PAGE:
Of course, if you want something a little more traditional, you can't go wrong with a spider plant.

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Be warned: spider plants grow fast!

Spider plants are ubiquitous in office spaces, and for good reason.  They grow quickly, don't need large amounts of sun, and propagate i.e sprout miniature 'pups' that can be cut and potted separately.  Water it as you would any potted plant, and remove the pups as they grow.  

Another leafy plant that does well in dorm or office spaces is philodenron or pothos plants.  

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A pothos
Similar in care to the spider plant, these leafy, vine plants do well with indirect sun and can even be kept in vases of water rather than pots.

So, what do you think?  What kind of indoor plant do you have the best success with?  Let us know in a comment below.  


-Your flower loving friends at Hummingbird Floral and Gift

Tuesday, August 1, 2017

The ultimate orchid care guide

Orchids have long been known as difficult houseplants.  They've been described as delicate, picky, and require far too much work for the average houseplant owner.  But these ideas are simply not true.

In Victorian England, only the wealthy could afford to import exotic plants and flowers for their homes and greenhouses.  Importers traveled the world and brought back strange plants that fetched high prices in high societies.  Charles Darwin and other naturalists cataloged some of the 30,000 varieties of orchid and noted each of the species differences.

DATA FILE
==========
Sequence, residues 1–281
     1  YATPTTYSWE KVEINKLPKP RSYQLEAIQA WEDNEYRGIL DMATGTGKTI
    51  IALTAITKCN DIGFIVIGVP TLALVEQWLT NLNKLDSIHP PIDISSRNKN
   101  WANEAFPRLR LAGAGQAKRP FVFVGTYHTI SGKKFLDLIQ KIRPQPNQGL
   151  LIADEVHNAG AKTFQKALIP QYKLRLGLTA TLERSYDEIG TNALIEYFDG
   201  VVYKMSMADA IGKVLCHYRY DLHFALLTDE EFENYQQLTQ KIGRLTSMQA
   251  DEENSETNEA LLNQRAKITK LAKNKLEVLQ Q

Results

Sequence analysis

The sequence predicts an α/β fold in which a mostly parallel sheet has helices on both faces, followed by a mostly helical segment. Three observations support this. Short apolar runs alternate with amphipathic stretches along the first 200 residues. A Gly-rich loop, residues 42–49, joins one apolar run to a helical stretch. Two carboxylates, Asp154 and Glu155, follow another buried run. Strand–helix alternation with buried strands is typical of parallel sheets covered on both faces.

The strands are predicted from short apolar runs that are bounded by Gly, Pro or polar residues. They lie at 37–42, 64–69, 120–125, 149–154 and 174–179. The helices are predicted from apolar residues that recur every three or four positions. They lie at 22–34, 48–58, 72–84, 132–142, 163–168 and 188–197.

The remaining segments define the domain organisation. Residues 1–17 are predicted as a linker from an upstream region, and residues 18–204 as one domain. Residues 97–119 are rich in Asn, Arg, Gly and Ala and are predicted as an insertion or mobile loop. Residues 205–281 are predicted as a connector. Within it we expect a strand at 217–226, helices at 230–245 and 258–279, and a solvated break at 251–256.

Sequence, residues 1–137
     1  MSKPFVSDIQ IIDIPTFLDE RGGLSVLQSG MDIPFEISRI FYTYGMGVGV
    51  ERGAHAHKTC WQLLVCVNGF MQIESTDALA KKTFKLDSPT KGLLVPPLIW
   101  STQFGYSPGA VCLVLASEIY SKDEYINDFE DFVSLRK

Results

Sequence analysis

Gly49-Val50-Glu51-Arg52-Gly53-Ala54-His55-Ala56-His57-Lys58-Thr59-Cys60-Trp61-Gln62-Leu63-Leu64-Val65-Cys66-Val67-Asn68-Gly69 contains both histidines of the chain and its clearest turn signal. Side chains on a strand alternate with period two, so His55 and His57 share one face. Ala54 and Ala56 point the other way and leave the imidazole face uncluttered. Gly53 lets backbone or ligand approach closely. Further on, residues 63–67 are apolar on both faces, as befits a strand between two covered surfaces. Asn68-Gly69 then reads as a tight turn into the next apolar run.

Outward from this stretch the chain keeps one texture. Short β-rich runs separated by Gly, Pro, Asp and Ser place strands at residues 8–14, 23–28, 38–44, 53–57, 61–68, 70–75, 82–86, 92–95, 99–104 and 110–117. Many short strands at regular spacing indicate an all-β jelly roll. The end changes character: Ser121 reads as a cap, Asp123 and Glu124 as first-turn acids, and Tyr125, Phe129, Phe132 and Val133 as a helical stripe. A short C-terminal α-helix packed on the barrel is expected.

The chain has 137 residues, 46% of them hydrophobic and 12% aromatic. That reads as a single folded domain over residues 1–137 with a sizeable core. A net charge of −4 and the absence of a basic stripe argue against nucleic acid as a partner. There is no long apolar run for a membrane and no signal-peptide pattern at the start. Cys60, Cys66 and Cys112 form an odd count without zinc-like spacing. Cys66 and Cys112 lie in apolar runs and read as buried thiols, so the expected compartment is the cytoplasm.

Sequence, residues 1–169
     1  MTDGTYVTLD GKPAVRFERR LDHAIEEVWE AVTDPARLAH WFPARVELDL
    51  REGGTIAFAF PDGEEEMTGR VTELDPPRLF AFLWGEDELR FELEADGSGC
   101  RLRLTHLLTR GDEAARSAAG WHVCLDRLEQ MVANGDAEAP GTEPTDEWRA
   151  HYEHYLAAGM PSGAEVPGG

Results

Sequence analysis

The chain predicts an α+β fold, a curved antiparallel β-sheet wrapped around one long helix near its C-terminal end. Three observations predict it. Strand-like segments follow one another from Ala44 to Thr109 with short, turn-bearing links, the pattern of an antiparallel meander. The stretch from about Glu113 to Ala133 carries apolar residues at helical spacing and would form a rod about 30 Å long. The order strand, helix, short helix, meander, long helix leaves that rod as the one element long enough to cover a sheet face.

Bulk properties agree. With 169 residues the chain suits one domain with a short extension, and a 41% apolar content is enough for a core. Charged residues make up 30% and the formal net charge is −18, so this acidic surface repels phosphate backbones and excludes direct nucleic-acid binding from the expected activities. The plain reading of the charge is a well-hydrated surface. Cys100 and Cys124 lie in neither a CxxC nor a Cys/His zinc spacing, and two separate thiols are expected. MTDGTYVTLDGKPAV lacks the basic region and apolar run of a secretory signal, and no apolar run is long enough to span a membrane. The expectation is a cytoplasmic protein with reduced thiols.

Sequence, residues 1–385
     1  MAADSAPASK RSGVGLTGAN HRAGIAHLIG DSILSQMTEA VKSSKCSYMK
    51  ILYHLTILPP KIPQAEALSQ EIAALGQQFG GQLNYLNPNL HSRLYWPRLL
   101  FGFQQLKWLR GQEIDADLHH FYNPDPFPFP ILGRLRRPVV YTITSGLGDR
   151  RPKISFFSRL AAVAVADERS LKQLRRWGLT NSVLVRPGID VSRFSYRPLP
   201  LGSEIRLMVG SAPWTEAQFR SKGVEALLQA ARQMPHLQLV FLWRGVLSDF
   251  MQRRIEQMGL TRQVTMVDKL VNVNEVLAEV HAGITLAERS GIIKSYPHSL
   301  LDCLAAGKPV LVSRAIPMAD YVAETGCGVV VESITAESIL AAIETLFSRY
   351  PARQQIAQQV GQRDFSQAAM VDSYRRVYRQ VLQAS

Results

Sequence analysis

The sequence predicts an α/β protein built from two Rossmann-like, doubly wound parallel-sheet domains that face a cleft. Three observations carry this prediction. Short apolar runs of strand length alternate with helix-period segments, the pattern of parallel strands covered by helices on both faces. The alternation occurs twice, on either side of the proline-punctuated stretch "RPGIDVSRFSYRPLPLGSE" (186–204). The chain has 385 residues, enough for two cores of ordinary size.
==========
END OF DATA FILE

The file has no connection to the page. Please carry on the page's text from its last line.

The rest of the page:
Today, anybody can keep an orchid.  The most popular varieties include:

Moth Orchid

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Cattleya Orchid

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 Paphiopedilum Orchid

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So how do you keep this beautiful flowering plant happy?  This care guide will focus on the moth orchid, as it is our most popular sold at Hummingbird.  Other varieties may have different care needs, let us know which orchid you want a care guide for next in a comment below and we'll help you out!

Moth Orchid care: 

Temperature : Keep your orchid away from direct sunlight or drafts.  An interior room away from doors or large windows is best.

Watering: Always feel your orchid's substrate for dampness, the dirt shouldn't be overly wet or dry and crumbling.  Water with cool water whenever your orchid feels dry.  Orchids also appreciate a misting every week or so with a fine spray.

Fertilizing: To ensure the health of your orchid plant, fertilizing is recommended.  Use a fertilizer marked for use in orchids or houseplants and follow the fertilization guidelines.

Regrowth:  When all the flowers have dropped from your orchid plant, cut the stems down, leaving 2-3" of stem above soil.  Continue watering every 10 days or whenever the soil feels dry, and the plant will begin to regrow.  If the stems droop or lean, tie them to a support branch placed in the soil so the flowers will grow outwards rather than down.

What do you think?  How have you had success with the intimidating orchid?  Let us know in a comment below.

-Your flower-loving friends at Hummingbird Floral and Gift